Members of Aberdeen Harbour Board visited HR Wallingford this week (29 June 2015) to see their potential flagship expansion project at Nigg Bay given life beyond the drawing board for the first time. The Board were witnessing the start of a series of 3D hydraulic physical model tests that are being undertaken by HR Wallingford to refine the harbour design.
Aberdeen Harbour Board are currently carrying out a feasibility study into expanding their existing harbour facilities into neighbouring Nigg Bay as part of a potential investment, at today’s prices, of £330 million. The expansion provides the potential to accommodate larger cruise ships, ferries and vessels for the oil and gas and renewables industries over an additional 1700m of quay length. The Aberdeen Harbour expansion project is recognised by the Scottish Government as a major infrastructure project of national significance.
HR Wallingford has supported Aberdeen Harbour Board on this project from the early conceptual stages through to this latest phase of design development. Studies have included extensive modelling of waves and currents, layout and breakwater design, navigation simulation in the state-of-the-art UK Ship Simulation Centre and EIA support. The 2D and 3D hydraulic physical modelling of the harbour is being used to test the proposed design and layout, and to verify the performance of the harbour’s breakwaters under a range of wave conditions.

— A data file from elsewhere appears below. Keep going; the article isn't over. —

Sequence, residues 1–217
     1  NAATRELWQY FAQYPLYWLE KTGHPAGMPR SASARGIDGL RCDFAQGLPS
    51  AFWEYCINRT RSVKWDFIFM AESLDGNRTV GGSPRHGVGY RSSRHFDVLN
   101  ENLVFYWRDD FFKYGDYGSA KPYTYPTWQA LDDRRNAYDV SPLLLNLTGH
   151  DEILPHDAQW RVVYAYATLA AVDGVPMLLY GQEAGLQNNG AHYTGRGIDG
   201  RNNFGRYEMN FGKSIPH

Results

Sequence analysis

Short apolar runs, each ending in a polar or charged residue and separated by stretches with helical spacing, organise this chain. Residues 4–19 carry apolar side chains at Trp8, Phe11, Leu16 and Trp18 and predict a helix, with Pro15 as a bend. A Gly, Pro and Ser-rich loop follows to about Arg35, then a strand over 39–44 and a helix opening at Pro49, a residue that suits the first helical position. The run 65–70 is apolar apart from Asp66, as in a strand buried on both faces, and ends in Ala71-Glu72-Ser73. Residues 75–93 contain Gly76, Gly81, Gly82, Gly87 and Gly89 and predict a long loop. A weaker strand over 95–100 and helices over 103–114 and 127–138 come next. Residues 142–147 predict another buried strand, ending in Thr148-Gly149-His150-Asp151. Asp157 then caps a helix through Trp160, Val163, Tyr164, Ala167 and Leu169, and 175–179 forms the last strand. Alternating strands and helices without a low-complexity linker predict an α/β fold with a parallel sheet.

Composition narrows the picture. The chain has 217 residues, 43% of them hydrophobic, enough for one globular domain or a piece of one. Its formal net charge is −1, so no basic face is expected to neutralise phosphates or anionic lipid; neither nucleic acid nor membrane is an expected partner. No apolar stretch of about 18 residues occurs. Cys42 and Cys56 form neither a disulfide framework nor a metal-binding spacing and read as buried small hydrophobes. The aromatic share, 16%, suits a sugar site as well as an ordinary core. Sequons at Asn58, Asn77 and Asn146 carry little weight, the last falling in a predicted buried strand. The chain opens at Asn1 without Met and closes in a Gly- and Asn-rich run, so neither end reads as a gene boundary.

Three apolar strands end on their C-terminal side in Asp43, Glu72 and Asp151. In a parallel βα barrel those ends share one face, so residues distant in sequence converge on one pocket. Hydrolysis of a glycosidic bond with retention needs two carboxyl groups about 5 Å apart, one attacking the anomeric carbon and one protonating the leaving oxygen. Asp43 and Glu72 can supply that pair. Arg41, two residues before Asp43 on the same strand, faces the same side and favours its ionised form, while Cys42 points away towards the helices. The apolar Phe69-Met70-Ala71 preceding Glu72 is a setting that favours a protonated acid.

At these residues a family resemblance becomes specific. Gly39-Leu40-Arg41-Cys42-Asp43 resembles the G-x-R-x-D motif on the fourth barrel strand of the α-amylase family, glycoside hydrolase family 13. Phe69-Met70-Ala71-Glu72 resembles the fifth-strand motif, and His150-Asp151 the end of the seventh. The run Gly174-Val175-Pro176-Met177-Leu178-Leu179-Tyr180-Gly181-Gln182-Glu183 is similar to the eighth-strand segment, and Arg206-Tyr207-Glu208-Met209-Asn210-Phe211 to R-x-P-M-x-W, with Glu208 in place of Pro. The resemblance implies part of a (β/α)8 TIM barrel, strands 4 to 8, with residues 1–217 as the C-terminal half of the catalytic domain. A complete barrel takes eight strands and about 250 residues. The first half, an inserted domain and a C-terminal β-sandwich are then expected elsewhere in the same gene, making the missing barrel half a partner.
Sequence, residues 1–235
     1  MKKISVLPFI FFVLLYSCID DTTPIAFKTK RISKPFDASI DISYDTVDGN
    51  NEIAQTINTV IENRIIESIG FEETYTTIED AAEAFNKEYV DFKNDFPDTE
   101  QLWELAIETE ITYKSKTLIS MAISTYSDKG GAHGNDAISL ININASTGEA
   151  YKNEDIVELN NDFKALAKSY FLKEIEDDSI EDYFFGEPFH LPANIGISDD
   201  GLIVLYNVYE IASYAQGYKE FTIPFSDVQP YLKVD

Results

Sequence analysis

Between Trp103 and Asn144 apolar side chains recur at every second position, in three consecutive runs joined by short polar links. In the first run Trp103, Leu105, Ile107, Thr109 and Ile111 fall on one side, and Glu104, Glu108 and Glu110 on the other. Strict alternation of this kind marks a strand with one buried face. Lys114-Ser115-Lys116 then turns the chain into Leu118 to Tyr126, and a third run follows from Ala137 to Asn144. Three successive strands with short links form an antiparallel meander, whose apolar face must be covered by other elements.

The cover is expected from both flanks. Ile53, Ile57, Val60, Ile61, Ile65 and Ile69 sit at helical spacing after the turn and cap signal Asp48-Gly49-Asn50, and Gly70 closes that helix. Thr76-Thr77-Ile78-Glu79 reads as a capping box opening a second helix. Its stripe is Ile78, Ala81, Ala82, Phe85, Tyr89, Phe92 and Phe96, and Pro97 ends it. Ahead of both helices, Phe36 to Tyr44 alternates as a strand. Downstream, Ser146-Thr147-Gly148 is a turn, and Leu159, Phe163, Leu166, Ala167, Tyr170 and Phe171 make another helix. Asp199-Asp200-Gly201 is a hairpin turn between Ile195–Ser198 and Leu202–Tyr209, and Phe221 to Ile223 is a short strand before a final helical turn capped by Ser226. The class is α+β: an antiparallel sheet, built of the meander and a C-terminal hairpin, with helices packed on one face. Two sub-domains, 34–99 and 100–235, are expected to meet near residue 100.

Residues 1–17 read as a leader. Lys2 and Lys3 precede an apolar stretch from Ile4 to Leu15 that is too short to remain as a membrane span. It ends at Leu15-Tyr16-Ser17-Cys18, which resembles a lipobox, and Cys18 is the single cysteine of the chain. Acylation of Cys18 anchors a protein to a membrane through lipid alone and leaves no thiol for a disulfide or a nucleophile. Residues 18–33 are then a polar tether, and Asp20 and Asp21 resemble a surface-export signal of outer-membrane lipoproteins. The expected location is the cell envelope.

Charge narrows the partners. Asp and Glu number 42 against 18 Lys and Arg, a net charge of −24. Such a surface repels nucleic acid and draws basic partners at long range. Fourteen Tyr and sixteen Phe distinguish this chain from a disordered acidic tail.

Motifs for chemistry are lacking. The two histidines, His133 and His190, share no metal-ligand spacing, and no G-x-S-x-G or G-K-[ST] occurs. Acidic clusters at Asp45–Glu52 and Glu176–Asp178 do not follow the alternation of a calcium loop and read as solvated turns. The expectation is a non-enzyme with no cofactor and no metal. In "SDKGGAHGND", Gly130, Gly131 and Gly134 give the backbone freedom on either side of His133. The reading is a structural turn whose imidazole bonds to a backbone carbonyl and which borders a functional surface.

Ian Cruickshank, HR Wallingford’s project director, said: “We are delighted to welcome the Board of Aberdeen Harbour today. We have been working with Aberdeen Harbour for a number of years, developing the engineering scheme for the expansion through to this current design phase. It’s great to see the project progressing this way.”
HR Wallingford has the largest fully commercial physical modelling facilities in Europe.
Jamie Holmes, HR Wallingford’s project manager said: “Physical modelling is an integral part of the development process and it will allow us to assess and optimise the performance of the potential harbour and its protective breakwaters. Excitingly, it also represents one of the first opportunities to bring the project to life in a tangible way, and it’s really great to be able to welcome Aberdeen Harbour’s Board members to witness the testing.”
Colin Parker, CEO of Aberdeen Harbour, said: “It has been very informative for us to visit the 3D model and computer simulation as these tools have provided us with the greatest insight to date as to how the harbour will look once completed. The level of detail involved in the testing process is impressive, and the information gained will all contribute to an end design which will be both safe and operationally efficient.”
The 2D and 3D hydraulic physical modelling has been co-funded by the European Commission’s Trans-European Transport Network (TEN-T) Programme.